Benedict Breakfast every Sunday at Pear Tree
See rare African penguins in two beautiful Cape environments
Visit them in Boulders and Stony Point Nature Reserve + both coastal drives there are gorgeous
The African penguin is endemic to the coastal waters of South Africa, and there are only two mainland breeding colonies for these endangered flightless birds: Boulders Beach in Simon’s Town, and Stony Point Nature Reserve in Betty’s Bay.
IMAGINE SWIMMING WITH A PENGUIN? IT COULD COME TRUE
At Boulders, the penguins coexist with humans in a residential area and take no heed of the boundaries imposed by the South African National Parks fenced-off area where visitors can view the birds from a boardwalk. They swim near the beach, waddle nonchalantly over towels and picnic blankets, and bask on the rocks.
Stony Point, on the other hand, is adjacent to the small and far less populated settlement of Betty’s Bay in the Overberg region and part of the Kogelberg Biosphere. There is no friendly beach, and the penguins are fenced off. One similarity is the warning signs at both locations to check under your car before driving off, in case one of them has decided to take shelter there.
It’s a windswept stretch of craggy coastline, and be warned: the penguins have, shall we say, a strong and distinctive odour. Don’t worry, you’ll soon get used to it.
OBSERVE THESE QUIRKY CREATURES CLOSE UP
You can view the penguins from a wooden boardwalk. At first, you’ll look around and wonder if all the official staff went home and you don’t have to pay your R25 (adult) or R15 (child) for the privilege. It turns out there is a decent stretch of elevated pathway from which you can spectate for free; the payment kiosk is a bit farther along.
For this entry-level experience, you see a large crowd of penguins standing around on the rocks not doing much else other than watching the waves crash around their feet. At this juncture, the Bank Cormorants, another species endangered to the brink of extinction which makes its home here, are more entertaining as they feed and flap in the surf.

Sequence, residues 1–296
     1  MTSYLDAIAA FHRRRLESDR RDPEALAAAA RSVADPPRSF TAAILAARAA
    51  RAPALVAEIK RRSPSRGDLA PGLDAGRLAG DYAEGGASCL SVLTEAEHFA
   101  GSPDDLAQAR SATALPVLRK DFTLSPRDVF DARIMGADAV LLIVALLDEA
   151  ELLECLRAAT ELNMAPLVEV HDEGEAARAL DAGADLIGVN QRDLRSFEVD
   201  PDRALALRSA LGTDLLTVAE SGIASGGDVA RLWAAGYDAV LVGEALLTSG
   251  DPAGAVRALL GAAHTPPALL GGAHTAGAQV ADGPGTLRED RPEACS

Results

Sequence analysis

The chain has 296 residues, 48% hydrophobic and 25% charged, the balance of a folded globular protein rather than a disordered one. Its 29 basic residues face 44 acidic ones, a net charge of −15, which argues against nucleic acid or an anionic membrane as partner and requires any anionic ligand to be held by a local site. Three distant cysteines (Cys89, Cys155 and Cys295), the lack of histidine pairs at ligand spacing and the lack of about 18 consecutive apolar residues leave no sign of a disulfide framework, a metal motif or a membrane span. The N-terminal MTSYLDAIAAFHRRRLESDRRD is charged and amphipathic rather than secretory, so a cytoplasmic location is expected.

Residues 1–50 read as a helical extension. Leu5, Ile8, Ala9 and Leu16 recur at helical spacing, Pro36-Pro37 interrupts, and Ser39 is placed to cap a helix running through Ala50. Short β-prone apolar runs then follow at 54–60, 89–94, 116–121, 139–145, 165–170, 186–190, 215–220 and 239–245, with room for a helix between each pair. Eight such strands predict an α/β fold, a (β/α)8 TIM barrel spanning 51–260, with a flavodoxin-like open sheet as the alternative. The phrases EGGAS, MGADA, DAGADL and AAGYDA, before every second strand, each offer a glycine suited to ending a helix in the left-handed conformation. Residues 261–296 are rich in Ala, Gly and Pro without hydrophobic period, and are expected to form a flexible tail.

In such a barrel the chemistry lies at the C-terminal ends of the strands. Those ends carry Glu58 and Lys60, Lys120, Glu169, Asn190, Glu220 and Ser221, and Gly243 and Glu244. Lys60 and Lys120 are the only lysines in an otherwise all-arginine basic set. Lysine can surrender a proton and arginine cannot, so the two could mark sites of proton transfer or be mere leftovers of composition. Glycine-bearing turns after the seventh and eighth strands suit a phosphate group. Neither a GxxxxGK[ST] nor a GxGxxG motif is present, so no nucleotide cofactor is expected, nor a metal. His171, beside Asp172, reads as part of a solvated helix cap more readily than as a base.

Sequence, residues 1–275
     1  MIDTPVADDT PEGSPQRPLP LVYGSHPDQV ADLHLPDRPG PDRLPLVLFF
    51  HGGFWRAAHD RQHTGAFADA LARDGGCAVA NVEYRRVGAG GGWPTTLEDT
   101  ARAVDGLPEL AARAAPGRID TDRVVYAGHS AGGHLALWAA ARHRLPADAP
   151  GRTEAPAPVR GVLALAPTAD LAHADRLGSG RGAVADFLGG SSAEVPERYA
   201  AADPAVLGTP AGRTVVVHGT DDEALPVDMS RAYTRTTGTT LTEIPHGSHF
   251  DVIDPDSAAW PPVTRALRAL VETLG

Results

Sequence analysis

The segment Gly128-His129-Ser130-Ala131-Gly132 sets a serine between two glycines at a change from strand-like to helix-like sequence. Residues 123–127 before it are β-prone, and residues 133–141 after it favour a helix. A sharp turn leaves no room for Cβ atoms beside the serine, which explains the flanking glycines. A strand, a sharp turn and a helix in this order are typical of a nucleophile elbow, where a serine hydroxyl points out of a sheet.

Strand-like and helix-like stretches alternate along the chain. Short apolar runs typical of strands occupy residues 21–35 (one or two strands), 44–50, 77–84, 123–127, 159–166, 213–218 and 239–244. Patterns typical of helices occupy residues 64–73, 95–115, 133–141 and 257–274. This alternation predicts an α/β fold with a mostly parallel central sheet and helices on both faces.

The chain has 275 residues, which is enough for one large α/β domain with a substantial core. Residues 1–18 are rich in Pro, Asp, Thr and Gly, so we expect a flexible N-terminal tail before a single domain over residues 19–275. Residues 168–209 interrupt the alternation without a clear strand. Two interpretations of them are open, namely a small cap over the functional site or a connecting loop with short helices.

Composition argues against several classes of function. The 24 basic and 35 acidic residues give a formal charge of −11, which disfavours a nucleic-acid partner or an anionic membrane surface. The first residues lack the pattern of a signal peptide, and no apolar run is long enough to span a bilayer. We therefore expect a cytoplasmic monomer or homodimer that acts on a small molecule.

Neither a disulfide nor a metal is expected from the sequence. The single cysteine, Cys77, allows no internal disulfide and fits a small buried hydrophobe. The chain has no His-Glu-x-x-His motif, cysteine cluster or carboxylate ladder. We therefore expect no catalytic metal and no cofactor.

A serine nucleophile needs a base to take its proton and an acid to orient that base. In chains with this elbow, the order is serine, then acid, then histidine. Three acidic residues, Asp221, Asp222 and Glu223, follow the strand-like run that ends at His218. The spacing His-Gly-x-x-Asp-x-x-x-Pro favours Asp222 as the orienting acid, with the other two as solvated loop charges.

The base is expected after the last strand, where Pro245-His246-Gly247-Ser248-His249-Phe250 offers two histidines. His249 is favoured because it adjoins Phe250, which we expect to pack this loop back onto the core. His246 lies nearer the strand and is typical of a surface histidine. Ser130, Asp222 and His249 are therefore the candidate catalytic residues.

THIS IS IMPORTANT: DO NOT DISTURB
Here, and inside the Stony Point Nature Reserve itself, visitors are urged to remain on the boardwalk and to not feed, touch or disturb the penguins. While most of them keep their own social distance, there are others that are nesting just under your feet.
The warning is not only for your own safety - penguins have a nasty bite - but because you just shouldn’t bother the birds. Even glancing in the direction of the ones that are moulting and having a seriously bad feather day seems invasive.
Inside the reserve, the boardwalk extends around the outcrop of the point, where you’ll see lots more penguins sunning themselves. As you round the corner, the birdlife changes to only the cormorants and gulls wheeling and cawing, and you’ll feel the bracing sea air on your face as massive waves send their spray into the air. A couple of benches allow you to sit a while, and informative plaques educate and inform about the residents of the reserve.
FINISH WITH AN ICE CREAM
There’s something about being beside the seaside that demands you eat an ice cream, so get one at the shop between the car parks, to enjoy - preferably upwind from the penguins…
By Bianca Coleman
See the African penguins colony at Boulders Beach in Simon’s Town
If you loved that experience, why not take more day trips on these scenic routes?
Want more adventure? Get off the beaten track with unusual excursions.
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